2009年1月9日

生花 / Ikebana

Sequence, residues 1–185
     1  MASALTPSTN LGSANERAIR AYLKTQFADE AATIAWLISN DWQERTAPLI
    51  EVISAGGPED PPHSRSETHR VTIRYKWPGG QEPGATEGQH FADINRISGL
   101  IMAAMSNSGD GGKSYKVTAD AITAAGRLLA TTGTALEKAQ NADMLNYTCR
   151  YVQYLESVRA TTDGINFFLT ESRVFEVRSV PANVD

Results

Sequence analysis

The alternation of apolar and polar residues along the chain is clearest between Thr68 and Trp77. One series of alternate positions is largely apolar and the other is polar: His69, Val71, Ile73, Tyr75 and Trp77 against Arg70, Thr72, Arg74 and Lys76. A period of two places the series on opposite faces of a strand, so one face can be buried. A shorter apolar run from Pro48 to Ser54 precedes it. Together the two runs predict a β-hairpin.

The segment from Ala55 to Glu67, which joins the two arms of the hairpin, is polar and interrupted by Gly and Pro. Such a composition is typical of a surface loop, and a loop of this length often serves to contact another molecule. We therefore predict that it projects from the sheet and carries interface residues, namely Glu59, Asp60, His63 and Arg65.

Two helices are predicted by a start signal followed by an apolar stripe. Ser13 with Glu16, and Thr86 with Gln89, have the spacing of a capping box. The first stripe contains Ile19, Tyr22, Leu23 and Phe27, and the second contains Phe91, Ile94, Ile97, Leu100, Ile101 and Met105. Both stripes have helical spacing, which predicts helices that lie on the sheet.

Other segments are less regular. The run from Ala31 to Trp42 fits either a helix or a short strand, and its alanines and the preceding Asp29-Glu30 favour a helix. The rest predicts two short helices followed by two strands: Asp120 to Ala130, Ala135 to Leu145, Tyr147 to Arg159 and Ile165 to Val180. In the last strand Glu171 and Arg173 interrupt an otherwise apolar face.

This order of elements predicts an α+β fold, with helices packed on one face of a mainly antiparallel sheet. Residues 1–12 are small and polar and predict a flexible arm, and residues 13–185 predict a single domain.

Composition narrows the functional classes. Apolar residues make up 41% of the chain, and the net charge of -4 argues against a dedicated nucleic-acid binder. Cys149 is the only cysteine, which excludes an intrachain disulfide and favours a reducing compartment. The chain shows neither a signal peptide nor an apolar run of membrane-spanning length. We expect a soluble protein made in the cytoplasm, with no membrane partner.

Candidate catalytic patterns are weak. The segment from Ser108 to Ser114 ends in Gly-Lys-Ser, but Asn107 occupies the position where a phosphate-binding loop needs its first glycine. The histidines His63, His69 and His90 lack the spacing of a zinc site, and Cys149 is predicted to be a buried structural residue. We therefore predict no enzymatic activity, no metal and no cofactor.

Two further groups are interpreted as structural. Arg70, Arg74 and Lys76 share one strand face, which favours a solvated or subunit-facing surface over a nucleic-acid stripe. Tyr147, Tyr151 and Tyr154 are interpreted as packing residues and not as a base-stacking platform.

Ikebana (生花, literally “arranged owers”) is the Japanese art of arranging owers. It is considered an entire art form in which humans and nature are brought together through the arrangement of the owers. Also unlike Western ower arrangements is the emphasis placed on parts of the plant besides the blooms, such as the stem and leaves. e container in which the owers are presented is also important in ikebana. Various kinds of pottery are used for holding ikebana arrangements. Ikebana has its origins at Rokkakudō Temple (六角堂), located in Kyōto (京 都). One priest there was considered to be so skilled in arranging the owers placed on the altar that all the other priests frequently turned to him for advice when they arranged owers. is priest lived by the side of a lake, called Ikenobō (池坊), from which the rst ikebana school takes its name. Even though ikebana is a creative expression, there are certain rules which must be followed. e most important of these is that every element of the design must be organic– plastic or silk owers, for instance, are a violation of this rule. Another general rule states that ikebana arrangements should be minimal in design– the large, extravagant arrangements one can nd in American orists would be considered far too loud and garish in Japan. It was once said that ikebana “has a main speaker and the rest [of the owers] are audiences, whereas [in] ower arrangements all owers are speaking and shining at the same time.” Typically, an ikebana arrangement is delineated by a scalene triangle (one Ikebana using daffodils with three sides of different lengths). e sides of the triangle symbolize heaven, earth, and man in some schools, or sun, moon, and earth in others. Asymmetrical gures and empty space are also appreciated in an ikebana arrangement. e spiritual aspects of ikebana are important to the art. While practicing ikebana, complete silence is maintained. e artist takes time to appreciate the beautiful things in nature that are often overlooked in everyday life. Harmony and closeness to nature is important to ikebana. e owers, container, and other materials used in an ikebana arrangement must be harmonious with each other and be balanced. e simultaneous balance and asymmetry in ikebana is integral to the art, and is part of its appeal. ere are also different styles of ikebana arrangement. One of the simplest styles is nageire (投入れ), roughly meaning “thrown-in owers”. In this style, there are usually three basic stems, with one or two more stems for depth and additional beauty. ere are several variations on nageire, including a cascading one where beautiful curves and lines are balanced with the other owers when one or two owers hang over the edge of the container. Another style is rikka (立花), which means “standing owers”. It is a seven-piece arrangement with each piece representing a different part of nature. ere is also moribana (盛り花), roughly “built-up owers”, which is considered the most basic style. In it, the owers are arranged in a shallow vase or basket. e many different styles of ikebana, combined with the beauty of owers and relaxing feeling provided by closeness to nature, make ikebana a highly appealing activity. Many Japanese practice ikebana today, and many more enjoy viewing and appreciating ikebana arrangements. Ikebana is also taught in schools and even shown on TV, re ecting the importance of nature in Japanese culture.

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